My Guns

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Those guides are all about us in the form of books, certainly, but they are about us in person as well—perhaps our fathers and mothers, our relatives, our neighbors. Only a couple of years ago I discovered that a close relative, a sweet and decent man, had done the worst kind of fighting in the Pacific and had never uttered a word about it to me—until I asked. The soldiers of the old war, notoriously laconic as they are, have begun to speak more and more. They are even beginning to return to the deadly old places where they fought, visiting comrades they left behind in the ground, or elsewhere. What they, in written and personal form, have taught me about this war is beyond calculation, perhaps even beyond my expression. I remember this war—its most important parts—through them. I think it must be, in the end, the best way of all to know a war. What have they taught me?

Twenty million Americans were examined for military service in World War II; fourteen million were accepted. Yet in World War II, as in all modern wars, the fighting part of this vast number was relatively small. Most Americans in uniform during this war knew less than nothing about combat and, what is more, were not particularly anxious to find out. The service one entered, and when one entered, had a great deal to do with whether one would actually fight. In the Navy the chances of engaging in seaborne combat were very high if one happened to be part of the fleets deployed to contested waters or on convoy duty in the Atlantic, and indeed the bulk of early American casualties came from just these sources. As the war wore on, the casualty rate slowed. Next came the air forces, whether Army or Navy. Like the convoy sailors, they saw combat relatively early; unlike the sailors, they did not see their casualties decline until nearly war’s end. The story among the ground forces, the Marines and GIs, was precisely the reverse of the naval war: Their early casualties were “light”—always in war the most relative of terms—and intensified throughout the war until, like those of the air forces, their casualties declined at the end of the war.

Regardless of the medium in which they fought, the American combatants of World War II were not relentlessly fighting. In the naval war, combat was a series of episodes that interrupted days and sometimes months of steaming from one position to another. Surely the catastrophes of naval combat could kill or wound or drown several thousand sailors at one time, and the possibility just as surely preyed upon those who manned these ships, working its own special kind of stress on them. Aerial warfare had its own particular rhythms, and for the air crews there was at least a hint of war’s end in certain commands that allowed for a maximum number of combat missions for each flier. Yet on any one of their missions war’s end was never far away, and what is more, the air crewmen were often unwilling witnesses to the end of someone else’s war. If the “flyboys” seemed to have more opportunities to get away from their war than other combatants, as many foot soldiers grumbled, that only means we have misunderstood how their real war was composed. We do not hear the muffled sobs of fear in the squadron barracks on the night before a thousand-plane raid against Germany.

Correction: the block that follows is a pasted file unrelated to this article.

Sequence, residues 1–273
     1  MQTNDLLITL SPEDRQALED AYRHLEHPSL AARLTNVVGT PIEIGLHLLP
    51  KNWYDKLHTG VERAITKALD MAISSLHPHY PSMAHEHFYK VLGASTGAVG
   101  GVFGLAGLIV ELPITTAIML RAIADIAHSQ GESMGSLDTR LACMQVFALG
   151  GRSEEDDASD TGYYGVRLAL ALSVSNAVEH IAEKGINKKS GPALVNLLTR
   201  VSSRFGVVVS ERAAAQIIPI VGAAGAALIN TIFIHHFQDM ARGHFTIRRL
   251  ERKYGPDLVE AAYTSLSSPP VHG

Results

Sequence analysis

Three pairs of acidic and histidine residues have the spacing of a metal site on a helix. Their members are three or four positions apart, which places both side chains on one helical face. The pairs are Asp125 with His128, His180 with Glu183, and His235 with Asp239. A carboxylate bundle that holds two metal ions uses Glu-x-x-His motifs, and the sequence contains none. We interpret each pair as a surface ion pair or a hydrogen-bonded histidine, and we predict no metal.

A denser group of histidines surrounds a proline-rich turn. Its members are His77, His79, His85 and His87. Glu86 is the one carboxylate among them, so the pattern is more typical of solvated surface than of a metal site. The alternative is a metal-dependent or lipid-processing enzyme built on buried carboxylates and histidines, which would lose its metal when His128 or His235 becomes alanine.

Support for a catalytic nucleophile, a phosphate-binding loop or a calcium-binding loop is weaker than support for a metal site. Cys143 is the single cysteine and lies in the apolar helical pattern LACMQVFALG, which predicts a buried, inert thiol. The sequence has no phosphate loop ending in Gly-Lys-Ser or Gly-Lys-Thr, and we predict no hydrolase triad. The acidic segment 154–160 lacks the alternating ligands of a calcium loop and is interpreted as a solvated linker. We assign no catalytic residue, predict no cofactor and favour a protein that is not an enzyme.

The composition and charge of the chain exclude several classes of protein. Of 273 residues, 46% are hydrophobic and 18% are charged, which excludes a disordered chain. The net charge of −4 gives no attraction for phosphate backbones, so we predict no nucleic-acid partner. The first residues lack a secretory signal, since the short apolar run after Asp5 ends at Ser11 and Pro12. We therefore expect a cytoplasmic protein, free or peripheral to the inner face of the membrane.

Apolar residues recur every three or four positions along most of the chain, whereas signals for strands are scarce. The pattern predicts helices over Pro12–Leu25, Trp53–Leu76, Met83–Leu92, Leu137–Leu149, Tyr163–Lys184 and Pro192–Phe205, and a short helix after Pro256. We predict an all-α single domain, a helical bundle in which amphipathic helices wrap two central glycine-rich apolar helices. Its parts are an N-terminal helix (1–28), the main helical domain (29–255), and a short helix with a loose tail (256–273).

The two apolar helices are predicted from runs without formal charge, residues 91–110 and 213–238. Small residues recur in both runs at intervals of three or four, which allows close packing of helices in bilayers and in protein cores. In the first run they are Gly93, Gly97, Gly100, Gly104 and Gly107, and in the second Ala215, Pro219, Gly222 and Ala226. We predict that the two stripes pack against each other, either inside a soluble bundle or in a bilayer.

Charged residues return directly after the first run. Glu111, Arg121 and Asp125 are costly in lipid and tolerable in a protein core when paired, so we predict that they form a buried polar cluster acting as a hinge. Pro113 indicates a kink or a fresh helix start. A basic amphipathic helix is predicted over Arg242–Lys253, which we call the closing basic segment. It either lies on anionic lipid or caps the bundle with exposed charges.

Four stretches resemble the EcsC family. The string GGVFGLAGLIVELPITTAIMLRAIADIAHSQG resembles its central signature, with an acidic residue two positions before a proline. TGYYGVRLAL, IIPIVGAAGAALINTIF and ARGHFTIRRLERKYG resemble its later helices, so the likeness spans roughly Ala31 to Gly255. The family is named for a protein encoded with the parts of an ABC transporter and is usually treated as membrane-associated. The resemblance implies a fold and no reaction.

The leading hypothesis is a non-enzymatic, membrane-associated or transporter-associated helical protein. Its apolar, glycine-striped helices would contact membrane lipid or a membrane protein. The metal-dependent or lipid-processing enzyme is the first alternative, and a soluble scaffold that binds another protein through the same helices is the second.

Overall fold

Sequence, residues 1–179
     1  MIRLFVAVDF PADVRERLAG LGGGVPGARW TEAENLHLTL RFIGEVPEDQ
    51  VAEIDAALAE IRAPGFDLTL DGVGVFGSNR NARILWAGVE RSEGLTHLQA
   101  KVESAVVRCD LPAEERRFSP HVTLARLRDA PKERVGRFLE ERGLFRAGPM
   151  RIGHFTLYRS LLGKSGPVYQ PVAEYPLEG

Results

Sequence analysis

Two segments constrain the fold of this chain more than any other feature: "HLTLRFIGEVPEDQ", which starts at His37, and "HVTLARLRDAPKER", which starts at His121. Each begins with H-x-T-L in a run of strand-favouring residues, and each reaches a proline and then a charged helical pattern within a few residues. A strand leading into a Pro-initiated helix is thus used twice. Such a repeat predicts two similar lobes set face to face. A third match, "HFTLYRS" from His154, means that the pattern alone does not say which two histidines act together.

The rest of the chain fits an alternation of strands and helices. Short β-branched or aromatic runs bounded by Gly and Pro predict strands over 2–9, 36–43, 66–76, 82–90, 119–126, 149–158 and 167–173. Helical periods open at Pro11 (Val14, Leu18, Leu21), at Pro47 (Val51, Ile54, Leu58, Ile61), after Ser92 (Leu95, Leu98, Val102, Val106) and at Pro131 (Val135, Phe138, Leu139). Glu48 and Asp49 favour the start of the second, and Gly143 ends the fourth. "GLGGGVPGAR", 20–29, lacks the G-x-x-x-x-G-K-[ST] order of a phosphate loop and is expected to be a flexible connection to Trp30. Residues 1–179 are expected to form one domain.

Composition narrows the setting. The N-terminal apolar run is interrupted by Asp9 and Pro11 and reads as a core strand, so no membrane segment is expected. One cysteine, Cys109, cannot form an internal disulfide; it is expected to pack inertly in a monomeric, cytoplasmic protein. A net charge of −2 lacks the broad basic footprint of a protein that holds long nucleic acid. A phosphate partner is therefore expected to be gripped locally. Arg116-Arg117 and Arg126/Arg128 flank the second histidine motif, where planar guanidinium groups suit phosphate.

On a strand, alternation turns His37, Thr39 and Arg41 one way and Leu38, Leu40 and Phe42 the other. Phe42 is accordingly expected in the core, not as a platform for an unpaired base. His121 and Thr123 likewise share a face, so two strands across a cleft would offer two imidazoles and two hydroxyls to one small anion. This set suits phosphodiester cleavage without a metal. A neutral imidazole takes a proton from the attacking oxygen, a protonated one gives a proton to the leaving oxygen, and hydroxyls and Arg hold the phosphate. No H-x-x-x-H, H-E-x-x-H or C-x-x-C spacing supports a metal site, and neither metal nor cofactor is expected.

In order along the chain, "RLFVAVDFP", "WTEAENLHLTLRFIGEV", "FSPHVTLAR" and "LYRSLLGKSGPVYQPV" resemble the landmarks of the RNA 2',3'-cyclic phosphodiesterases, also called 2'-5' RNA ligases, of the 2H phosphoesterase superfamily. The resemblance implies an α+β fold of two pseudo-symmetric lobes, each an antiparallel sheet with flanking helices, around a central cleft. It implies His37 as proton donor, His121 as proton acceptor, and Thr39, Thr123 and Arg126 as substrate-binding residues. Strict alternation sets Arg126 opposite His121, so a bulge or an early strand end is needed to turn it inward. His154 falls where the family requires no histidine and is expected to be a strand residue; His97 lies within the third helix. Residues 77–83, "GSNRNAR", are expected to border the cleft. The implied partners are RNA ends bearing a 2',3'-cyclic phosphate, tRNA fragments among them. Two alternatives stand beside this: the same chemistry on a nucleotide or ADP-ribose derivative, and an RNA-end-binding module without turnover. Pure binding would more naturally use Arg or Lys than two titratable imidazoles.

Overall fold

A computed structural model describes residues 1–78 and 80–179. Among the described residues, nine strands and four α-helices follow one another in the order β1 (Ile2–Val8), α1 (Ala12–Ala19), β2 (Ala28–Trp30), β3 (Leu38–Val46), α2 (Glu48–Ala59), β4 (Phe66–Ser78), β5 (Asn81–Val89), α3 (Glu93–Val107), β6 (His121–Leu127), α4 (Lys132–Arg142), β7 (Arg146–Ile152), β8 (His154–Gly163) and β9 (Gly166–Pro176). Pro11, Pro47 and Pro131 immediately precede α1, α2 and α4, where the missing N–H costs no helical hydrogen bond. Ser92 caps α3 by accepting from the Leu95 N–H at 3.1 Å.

Soldiers found that all the defenses their society had given them in preparation for their war were too fragile to withstand the grind of combat.
 

The war on the ground was predominantly the infantry-man’s war. Despite notable advancements in the equipment and techniques of armored warfare, this war belonged to the GI. If one is searching for a picture of those in something close to sustained combat for long periods of time, this is where one finds it. Here, too, the disparity between those who fought and those who did not seems the greatest. Of the millions of Americans sent overseas by the Army during World War II, only 14 percent were infantrymen. Those 14 percent took more than 70 percent of all the battle casualties among overseas troops.

Even among the fighting parts of an army, a relatively small proportion actually suffered combat. The most combative of all the combat units was the infantry division. Within these American formations, combat troops of all categories counted for only 68 percent of the whole. One wartime study by a division commander, Lucian Truscott, estimated that 95 percent of his losses were sustained by his line troops. Harold Leinbaugh and John Campbell, officers of a rifle company in the fall of 1944 and into 1945, who later wrote The Men of Company K, put it less clinically: “We were the Willie Lomans of the war.”

All this means that during World War II there existed on this planet men in all varieties of uniform who belonged to a vast military underclass, and that still millions more of their fellow citizens were in the stands, so to speak, rooting them on. They fought in the service of causes that were radically, one might even say mortally, different, but the essence of the daily lives they led was not. It consisted, as Fussell reminds us, of “the experience of coming to grips, face to face, with an enemy who designs your death.” Under these circumstances, the popular wartime phrase “We’re behind you all the way” takes on a rather different meaning.